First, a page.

Mayor urged to take control of buses to prevent 'tone deaf' price rises
The Greens leader in Sheffield has urged mayor Dan Jarvis to take back public control of the buses to prevent more ‘tone deaf’ price rises.
Coun Douglas Johnson said franchising would mean decisions were made more in the public interest. He was responding to sharp criticism of transport operators by the mayor of Sheffield City Region.
Mr Jarvis hit out at a plan by transport operators, including First and Stagecoach, to increase bus and tram fares across South Yorkshire by five per cent from June 7.
The rise, just as people were returning to public transport - and after companies had been propped up with millions from the taxpayer - was ‘unacceptable’ he said.
Operators say it will pay for operating costs which have continued to increase during the pandemic.
Coun Johnson said the increase was ‘well above inflation’ and came after ‘regular bus fare increases’.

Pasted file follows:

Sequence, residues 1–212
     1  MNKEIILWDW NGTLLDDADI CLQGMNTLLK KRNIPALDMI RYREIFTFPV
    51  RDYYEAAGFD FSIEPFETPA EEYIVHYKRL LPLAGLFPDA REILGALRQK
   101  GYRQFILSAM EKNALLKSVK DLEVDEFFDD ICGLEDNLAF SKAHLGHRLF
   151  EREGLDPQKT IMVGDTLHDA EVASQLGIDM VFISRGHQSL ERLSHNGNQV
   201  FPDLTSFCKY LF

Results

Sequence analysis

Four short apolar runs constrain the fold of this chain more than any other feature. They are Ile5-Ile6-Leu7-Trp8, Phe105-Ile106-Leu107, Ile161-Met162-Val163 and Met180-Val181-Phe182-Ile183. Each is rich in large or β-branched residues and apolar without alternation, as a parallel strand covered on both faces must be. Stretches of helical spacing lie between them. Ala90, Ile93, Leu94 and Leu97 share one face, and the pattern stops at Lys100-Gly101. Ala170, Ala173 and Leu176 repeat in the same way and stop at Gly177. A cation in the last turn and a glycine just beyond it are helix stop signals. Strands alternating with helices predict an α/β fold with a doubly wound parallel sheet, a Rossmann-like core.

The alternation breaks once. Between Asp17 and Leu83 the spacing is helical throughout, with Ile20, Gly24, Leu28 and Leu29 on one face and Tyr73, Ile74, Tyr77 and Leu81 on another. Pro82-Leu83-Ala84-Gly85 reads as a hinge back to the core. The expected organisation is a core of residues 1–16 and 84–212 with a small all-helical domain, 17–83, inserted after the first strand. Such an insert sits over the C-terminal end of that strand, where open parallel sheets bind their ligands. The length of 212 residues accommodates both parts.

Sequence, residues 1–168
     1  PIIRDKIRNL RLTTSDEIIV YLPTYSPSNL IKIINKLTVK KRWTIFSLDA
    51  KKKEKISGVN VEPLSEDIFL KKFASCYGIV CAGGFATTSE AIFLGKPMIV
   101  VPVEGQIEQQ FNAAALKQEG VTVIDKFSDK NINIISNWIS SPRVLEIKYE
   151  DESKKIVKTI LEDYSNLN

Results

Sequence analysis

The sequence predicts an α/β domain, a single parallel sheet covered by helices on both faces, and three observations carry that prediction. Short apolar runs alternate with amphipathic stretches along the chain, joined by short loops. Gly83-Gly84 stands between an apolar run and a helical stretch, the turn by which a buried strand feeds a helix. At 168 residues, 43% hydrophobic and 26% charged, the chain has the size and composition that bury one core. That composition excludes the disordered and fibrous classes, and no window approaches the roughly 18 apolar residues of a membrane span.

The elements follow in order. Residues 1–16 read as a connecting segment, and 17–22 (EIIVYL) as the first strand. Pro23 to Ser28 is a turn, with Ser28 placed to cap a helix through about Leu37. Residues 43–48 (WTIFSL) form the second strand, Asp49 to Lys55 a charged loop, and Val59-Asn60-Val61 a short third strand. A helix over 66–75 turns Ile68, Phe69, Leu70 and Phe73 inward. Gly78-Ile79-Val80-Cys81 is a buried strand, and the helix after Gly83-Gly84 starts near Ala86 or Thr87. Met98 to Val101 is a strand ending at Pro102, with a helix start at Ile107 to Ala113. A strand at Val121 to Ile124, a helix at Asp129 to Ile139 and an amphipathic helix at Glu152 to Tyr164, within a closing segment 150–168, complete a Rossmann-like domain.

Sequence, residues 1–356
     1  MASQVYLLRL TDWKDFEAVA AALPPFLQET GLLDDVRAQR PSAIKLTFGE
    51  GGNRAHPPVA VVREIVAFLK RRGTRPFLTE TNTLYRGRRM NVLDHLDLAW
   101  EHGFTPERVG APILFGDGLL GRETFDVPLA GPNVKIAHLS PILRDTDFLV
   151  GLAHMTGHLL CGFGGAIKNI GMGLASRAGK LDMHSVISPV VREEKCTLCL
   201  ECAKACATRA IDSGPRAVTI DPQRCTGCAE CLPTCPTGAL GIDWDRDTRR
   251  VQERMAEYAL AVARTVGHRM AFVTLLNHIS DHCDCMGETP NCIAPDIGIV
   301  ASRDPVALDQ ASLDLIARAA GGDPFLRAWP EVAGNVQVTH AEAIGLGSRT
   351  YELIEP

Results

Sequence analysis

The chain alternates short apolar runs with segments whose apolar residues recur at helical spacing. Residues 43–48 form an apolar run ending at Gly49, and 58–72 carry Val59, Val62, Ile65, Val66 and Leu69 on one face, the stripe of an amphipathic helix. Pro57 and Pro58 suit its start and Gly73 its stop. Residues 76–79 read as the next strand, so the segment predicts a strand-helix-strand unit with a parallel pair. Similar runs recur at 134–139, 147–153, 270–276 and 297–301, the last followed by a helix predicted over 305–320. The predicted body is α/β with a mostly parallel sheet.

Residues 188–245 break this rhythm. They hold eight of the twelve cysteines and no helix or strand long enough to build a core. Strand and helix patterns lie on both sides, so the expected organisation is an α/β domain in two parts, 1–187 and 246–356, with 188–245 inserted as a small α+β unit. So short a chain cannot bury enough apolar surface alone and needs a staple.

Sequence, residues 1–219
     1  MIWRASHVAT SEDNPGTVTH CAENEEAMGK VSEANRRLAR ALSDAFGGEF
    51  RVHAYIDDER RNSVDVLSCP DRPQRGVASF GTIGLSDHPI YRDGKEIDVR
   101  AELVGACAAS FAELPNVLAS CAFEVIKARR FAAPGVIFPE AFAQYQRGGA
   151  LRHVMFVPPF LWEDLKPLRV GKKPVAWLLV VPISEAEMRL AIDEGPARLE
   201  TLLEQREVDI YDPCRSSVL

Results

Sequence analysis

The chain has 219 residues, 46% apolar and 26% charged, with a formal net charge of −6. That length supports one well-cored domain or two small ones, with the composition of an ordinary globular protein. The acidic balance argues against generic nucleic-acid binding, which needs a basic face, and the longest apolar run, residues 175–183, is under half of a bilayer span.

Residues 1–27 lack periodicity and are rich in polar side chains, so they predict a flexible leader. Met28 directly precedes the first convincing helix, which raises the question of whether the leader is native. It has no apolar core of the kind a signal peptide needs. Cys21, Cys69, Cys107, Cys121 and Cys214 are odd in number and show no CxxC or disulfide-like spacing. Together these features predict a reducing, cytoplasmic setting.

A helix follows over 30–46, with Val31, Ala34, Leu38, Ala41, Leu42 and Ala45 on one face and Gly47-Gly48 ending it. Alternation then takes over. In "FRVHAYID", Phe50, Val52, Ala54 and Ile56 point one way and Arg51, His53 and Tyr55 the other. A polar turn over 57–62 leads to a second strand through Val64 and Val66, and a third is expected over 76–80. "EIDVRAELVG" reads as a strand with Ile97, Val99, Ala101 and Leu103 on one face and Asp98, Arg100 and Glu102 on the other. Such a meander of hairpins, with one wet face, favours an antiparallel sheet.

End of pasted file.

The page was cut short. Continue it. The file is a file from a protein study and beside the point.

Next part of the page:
But he said the best way to prevent unjustified rises was by having public services in public hands. And Mr Jarvis had ‘not taken any meaningful steps’ on franchising, which would give him that control.
He added: “I don’t underestimate what a big job that is going to be, it’s a complex contractual job for the state to intervene and take control of the network.
“Transport companies have had big bailouts but they are private profit-making entities. Their takings are down and will be down for some time and they think price rises are in their commercial interests.”
The Greens also want franchising to create better and more reliable transport as a response to the climate crisis, he added. New price rises risked pushing people back towards cars.
Last year, a bus review said creating a municipal bus company owned and run by the Sheffield City Region should come no more than five years after the creation of a new South Yorkshire-wide Enhanced Partnership.
Mr Jarvis has said there will be an update on how buses are run in South Yorkshire at a meeting on June 7.
It has taken Greater Manchester more than four years to get to a position of bringing buses back into a form of public control.